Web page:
According to the December edition of the JRC's Anomaly Hotspots of Agricultural Production (ASAP) assessment, dry conditions during the short rains in East Africa have led to below-average harvests in several countries in the region, whereas, in the southern part of the continent, crop conditions are affected by mid-season dryness. Winter cereal development continues to be favourable in the Middle East and Central Asia, whereas hot and dry conditions need to be monitored closely in North Africa.
Main findings of the December global overview:
- Irregular and insufficient short rains have caused mixed production outcomes in East Africa, with production levels 40% below the long-term average in Somalia, and several other areas affected in south-east Ethiopia, Eastern Kenya and north-west Tanzania. Rainfall deficits since October have also reduced crop and pasture productivity in parts of South Sudan, where food security is particularly critical due to the ongoing conflict.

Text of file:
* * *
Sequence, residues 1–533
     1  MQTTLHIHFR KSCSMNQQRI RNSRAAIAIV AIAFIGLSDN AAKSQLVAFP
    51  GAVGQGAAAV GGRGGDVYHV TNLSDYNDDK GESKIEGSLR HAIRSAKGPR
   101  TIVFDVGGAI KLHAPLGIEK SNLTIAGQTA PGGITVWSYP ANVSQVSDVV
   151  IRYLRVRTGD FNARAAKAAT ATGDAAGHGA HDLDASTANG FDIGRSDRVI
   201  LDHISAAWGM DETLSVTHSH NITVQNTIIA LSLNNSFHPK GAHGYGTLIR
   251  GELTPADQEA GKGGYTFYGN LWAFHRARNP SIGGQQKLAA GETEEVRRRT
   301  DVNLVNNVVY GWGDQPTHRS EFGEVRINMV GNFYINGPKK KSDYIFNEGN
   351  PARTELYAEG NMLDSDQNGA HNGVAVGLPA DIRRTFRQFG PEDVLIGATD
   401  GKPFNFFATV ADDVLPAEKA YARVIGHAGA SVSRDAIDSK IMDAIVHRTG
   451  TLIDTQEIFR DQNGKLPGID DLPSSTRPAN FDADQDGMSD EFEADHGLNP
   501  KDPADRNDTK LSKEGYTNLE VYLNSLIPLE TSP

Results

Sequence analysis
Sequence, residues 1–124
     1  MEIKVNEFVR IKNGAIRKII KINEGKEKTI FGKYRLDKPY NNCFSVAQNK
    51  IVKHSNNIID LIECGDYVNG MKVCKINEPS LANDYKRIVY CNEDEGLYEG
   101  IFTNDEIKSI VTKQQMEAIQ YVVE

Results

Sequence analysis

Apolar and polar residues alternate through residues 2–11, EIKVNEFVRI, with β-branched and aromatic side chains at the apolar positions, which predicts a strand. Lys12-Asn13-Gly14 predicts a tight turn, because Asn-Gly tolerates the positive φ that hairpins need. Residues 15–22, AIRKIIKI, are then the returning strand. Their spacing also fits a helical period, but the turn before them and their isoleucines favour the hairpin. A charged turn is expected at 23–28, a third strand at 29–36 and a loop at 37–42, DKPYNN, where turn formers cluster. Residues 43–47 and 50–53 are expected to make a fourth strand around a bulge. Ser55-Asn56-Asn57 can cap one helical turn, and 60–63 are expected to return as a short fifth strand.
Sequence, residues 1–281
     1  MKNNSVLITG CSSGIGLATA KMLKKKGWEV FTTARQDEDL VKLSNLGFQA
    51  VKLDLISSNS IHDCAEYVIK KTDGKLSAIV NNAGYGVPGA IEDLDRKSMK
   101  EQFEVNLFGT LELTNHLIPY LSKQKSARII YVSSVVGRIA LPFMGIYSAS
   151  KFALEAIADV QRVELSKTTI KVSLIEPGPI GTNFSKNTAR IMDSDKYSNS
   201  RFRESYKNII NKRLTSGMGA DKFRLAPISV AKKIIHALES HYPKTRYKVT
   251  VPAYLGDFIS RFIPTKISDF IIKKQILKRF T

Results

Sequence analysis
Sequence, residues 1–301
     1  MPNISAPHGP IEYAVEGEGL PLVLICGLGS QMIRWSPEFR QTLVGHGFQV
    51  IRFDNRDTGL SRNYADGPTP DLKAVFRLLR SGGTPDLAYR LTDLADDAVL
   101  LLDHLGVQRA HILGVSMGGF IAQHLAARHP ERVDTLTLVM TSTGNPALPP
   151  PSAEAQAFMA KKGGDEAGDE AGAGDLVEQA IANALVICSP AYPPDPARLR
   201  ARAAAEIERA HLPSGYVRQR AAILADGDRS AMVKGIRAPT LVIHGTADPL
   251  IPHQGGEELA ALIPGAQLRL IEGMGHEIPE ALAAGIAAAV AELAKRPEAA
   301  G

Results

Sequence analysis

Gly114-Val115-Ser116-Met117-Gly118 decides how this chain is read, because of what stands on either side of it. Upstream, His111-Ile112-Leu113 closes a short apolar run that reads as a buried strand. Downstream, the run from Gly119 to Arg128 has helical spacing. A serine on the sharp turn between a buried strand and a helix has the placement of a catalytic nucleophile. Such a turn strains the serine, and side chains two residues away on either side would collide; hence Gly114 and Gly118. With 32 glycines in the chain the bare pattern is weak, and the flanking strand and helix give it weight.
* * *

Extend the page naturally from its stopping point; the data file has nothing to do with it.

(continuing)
- In Southern Africa, dry and hot conditions starting in November have continued to hamper crop conditions in December, which is a crucial month for seasonal rainfall. A clear rainfall improvement in January is needed for crop recovery.
- In Yemen, the main cereal-growing season is over but autumn drought could further decrease cereal availability (e.g. for millet). The humanitarian crisis, however, depends mainly on import and monetary factors linked to the conflict.
- Winter cereals planted in October/November in the Middle East and in Central Asia generally show positive early season conditions, whereas rainfall and temperatures have been less favourable in December for Northern Morocco and coastal Algeria.
- In the northern Philippines rain-fed rice and maize harvests are lowered by rainfall deficits in December.
The next assessment is scheduled for the end of January 2019.
- 11 januari 2019